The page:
The Gannet Q&A

Gabriela Fernández Orantes

22nd September 2017

Interview & Photograph: Mónica R. Goya

Gabriela Fernández Orantes is a biochemical engineer and the co-founder of restaurant Itanoní in Oaxaca. She was born in Mexico City and lived all over the country as a child, but Oaxaca has been her home for the past 23 years. At Itanoní, a tortillería just outside the historic centre, she pays homage to Mexico’s native corn varieties – every dish at the restaurant is a celebration of corn.

If you could revisit one meal in your life, which would it be?

I spent part of my childhood in Guerrero, where eating pozole [a traditional Mexican soup] on Thursdays is a tradition. There are houses that sell pozole: you come in, they serve you your pozole, it can be white, it can be green, some people add sardines. I love the green one. We cooked it here at the restaurant 10 years ago and I loved how it turned out. I had no idea how to make it, so I asked for information and then prepared a recipe which I never wrote down. The pozole was delicious. I would like to make it again but I don’t have the recipe.

What’s your most food-splattered cookbook?

I don’t cook from recipes. I cook very common, simple foods from Mexico: tacos, eggs in sauce, eggs and chorizo, potatoes and chorizo. At Itanoní, the specialty is the corn, that’s what makes the difference. My slogan is: “In Mexico the tortilla accompanies the dishes, but here the dishes accompany the tortillas.” There are people who come here and ask to have the food without the tortillas and I say, “No!” The corn is the first thing here, I am not leaving the corn behind. Some people understand, others don’t.

 

Describe your perfect breakfast.

I always end up having the same thing: quesadillas with cream cheese from Chiapas. Sometimes I think I might have something else, but that cheese is what I like the most and it’s what I always end up having.

No restaurant is perfect but which one, for you, comes closest, and why?

There is one here in Oaxaca that I go to very often: Los Pacos. The food is very nice. Las Quince Letras is also very good – delicious mole. It’s all just about having nice food and having a nice time.

There are people who come here and ask to have the food without the tortillas and I say, “No!” The corn is the first thing here, I am not leaving the corn behind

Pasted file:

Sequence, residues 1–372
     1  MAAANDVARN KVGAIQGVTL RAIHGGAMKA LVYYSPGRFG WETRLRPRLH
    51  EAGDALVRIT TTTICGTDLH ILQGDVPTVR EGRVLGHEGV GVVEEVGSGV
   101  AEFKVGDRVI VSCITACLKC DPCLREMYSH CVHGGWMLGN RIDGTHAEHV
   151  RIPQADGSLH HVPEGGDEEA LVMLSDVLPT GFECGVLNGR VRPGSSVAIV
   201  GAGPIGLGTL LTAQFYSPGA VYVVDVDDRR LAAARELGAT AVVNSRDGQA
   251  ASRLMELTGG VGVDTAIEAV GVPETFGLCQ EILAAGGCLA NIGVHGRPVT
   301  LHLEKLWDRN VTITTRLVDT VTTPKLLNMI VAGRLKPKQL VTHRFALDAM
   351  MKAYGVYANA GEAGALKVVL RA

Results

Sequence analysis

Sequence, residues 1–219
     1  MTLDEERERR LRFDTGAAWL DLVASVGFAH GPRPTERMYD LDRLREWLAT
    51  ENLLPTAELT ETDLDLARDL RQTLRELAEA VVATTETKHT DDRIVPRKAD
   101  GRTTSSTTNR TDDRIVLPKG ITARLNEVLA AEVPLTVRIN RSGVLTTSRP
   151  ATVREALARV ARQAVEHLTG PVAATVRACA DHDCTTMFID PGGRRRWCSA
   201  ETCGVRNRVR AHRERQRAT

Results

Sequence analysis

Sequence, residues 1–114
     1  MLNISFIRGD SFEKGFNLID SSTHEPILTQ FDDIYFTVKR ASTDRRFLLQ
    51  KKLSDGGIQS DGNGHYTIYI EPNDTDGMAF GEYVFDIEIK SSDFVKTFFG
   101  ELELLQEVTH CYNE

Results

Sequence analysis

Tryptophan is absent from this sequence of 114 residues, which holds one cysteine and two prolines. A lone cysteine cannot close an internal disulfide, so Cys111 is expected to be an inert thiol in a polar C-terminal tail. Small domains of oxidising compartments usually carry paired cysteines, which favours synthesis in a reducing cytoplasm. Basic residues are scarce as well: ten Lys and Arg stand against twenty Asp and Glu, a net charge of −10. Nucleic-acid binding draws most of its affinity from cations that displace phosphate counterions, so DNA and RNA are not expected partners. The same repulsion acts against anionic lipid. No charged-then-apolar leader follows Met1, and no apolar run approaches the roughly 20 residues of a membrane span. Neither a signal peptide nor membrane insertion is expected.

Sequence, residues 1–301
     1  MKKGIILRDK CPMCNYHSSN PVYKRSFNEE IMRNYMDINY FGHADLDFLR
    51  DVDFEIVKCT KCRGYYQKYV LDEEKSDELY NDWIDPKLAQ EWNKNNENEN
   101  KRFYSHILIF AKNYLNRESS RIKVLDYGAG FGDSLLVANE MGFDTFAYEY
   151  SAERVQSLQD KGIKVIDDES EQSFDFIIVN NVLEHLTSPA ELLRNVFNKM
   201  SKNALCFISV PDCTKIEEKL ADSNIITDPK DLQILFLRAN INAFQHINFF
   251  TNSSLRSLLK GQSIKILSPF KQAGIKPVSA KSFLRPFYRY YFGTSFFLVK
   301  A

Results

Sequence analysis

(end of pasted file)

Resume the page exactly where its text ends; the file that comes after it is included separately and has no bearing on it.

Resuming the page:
What’s your favourite scene in the movies?

You will laugh at this, but it has to be Ratatouille, when the mouse is preparing the ratatouille dish. I took my children to the cinema to watch it and the following day a French friend invited us for dinner. And guess what? She cooked ratatouille. My children were like “Muuuuummmm!”. They recognised the food from the movie. It was a lovely coincidence. What we had seen in our imagination through the screen, we were tasting, right there and then.

What do you listen to while you are cooking?

I believe that how you feel has a lot to do with what you cook. I read a Chinese food book that said that you need to focus and meditate on what are you going to cook. It’s very important to get ready and listen to yourself, for food is life. I feel that making tortillas is a therapeutic, almost spiritual practice. It’s a very intimate moment when you make the ball, then put the tortillas on the comal – it’s meditation in movement. In rural Mexico, women would prepare tortillas two or three times a day. Back then they had 10 children or more and would have to look after them, their husbands, the food. My hypothesis is that making tortillas helped rural women to endure that life.

What was your favourite food when you were 10?

I loved lentils. My dad is from Campeche, in the Yucatán peninsula, where there is a big European influence, and they cook lentils with chorizo – it’s like a fabada [bean stew] but with lentils.

I feel that making tortillas is a therapeutic, almost spiritual practice

What ingredient are you currently obsessed with?

Corn, I can’t do without tortillas.

Share a useful cooking tip.

When I was at university I was not that fond of cooking. I had a friend who was an amazing cook, he imagined the flavours and then he cooked for all of us and I was the one doing the washing up. I couldn’t picture a meal out of nothing like he did. However, all these years that I have been working in food, I realised that you can come up with your own recipes and give your life through a dish depending on how much love you put into it. I believe you have to be loving and caring while you cook. There is a saying: “When the cook is upset, the sauce is hot, but when she is happy, the same sauce made with the same chillies isn’t hot.”

Describe a kitchen object you can’t live without.

The comal, which is where we make the tortillas

What’s the worst supposedly-good thing you ever ate?

I can’t think of any. I like everything. As we used to say while I was at university, everything that moves can be cooked.

Posted 22nd September 2017

In The Gannet Q&A

 

Interview & Photograph: Mónica R. Goya

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